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I used CommandManager.RegisterClassInputBinding to add binding to the whole type. Now I wan't to remove it.

This is what I tested.

private void CommandBinding_Executed_1(object sender, ExecutedRoutedEventArgs e)
        new InputBinding(TestCommand, new KeyGesture(Key.S, ModifierKeys.Control)));


This method is called on Ctrl+H and registers new input binding for Ctrl+S. If I press Ctrl+S before Ctrl+H it doesn't work, but when I press it after it does. I checked sender.InputBindings and there was only one binding (Ctrl+S) so I made a concussion that RegisterClassInputBinding doesn't add binding to every existing instance but instead stores bindings associated to the class and then compares them to handled gesture.

But then why there is no RemoveClassInputBinding? :(


I even managed to do what I intended through reflection, but still can't find native method for that, though it would be trivial to implement

var fieldInfo = typeof(CommandManager).GetField("_classInputBindings", BindingFlags.Static | BindingFlags.NonPublic);
var fieldData = (HybridDictionary)fieldInfo.GetValue(null);
var inputBindingCollection = (InputBindingCollection)fieldData[typeof(TextBox)];
foreach (var o in inputBindingCollection)
    if (o == inputBinding)
        MessageBox.Show("half way there");
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1 Answer 1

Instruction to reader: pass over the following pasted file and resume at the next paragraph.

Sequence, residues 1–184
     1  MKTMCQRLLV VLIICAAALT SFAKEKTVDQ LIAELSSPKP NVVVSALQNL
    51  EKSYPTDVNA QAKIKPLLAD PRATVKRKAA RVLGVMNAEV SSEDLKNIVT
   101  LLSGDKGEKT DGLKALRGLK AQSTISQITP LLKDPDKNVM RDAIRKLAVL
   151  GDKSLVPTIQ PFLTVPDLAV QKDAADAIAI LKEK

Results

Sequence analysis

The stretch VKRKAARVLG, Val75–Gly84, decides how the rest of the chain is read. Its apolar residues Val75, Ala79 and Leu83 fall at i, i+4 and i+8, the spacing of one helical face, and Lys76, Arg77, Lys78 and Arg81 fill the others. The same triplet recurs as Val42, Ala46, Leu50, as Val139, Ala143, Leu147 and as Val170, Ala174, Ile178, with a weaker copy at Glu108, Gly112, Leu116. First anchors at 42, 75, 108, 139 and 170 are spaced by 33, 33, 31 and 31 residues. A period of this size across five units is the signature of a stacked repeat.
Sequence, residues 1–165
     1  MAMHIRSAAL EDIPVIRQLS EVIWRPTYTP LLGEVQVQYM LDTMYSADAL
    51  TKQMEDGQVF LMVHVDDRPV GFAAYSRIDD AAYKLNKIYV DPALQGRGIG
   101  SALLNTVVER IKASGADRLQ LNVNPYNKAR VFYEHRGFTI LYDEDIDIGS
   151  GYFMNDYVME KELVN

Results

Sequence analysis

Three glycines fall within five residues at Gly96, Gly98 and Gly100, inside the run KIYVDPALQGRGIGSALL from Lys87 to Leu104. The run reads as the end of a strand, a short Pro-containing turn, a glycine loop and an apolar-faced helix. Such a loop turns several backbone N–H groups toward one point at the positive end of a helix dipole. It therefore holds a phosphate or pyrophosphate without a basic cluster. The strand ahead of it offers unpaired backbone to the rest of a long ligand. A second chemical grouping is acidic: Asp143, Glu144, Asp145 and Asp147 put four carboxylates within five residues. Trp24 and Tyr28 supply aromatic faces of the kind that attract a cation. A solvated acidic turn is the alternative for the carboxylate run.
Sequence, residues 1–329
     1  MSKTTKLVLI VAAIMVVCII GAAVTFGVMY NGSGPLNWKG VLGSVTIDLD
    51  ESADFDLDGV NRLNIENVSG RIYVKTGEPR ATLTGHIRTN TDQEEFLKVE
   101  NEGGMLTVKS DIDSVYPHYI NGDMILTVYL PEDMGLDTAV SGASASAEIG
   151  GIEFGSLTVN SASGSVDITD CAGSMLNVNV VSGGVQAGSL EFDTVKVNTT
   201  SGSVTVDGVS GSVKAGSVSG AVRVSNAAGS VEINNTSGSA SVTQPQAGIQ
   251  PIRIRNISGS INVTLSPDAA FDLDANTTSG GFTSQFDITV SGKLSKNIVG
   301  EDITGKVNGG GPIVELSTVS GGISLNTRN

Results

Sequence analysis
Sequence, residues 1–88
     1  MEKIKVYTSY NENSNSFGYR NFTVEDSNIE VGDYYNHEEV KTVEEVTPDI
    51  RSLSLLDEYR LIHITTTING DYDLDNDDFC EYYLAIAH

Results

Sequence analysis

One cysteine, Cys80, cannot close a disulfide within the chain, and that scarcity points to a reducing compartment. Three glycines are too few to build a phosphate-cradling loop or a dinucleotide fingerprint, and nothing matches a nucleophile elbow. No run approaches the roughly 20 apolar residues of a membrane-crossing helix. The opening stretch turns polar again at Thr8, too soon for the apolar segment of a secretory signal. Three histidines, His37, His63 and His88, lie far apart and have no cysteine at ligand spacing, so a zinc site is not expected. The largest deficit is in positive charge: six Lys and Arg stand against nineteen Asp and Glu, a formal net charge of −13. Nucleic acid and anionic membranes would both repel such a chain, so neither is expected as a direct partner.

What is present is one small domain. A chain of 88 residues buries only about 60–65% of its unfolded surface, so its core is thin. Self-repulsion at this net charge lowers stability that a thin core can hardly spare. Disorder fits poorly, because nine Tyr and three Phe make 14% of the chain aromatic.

ApplicationCommands.NotACommand was designed for just this purpose:

"This command is always ignored and does not handle the input event that caused it. This provides a way to turn off an input binding built into an existing control."

To use your example:

    new InputBinding(
        new KeyGesture(Key.S, ModifierKeys.Control)));
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looks very flawed to me. I'm writing shortcuts manager which would allow user to add/remove input bindings. As I understand if user removes a binding as you suggested the binding will be still there and it will accumulate everytime user does that. Is this correct? –  Sergej Andrejev Jun 16 '09 at 9:16
That I do not know for sure, I'm just passing along the advice from Microsoft. I can tell you this much though, using Reflection is surely flawed. I'll go through Reflector and see if MS special cases NotACommand. –  user7116 Jun 16 '09 at 13:23
CommandManager.TranslateInput (internal method) special cases to make sure NotACommand never gets executed: "if ((command != null) && (command != ApplicationCommands.NotACommand))". –  user7116 Jun 16 '09 at 13:29
Aha, but still it's kinda odd they haven't allowed removing and sure enough using NotACommand leaves some garbage behind. –  Sergej Andrejev Jun 16 '09 at 21:12
I agree, although I'm sure there is some other design consideration we are missing. –  user7116 Jun 18 '09 at 19:15

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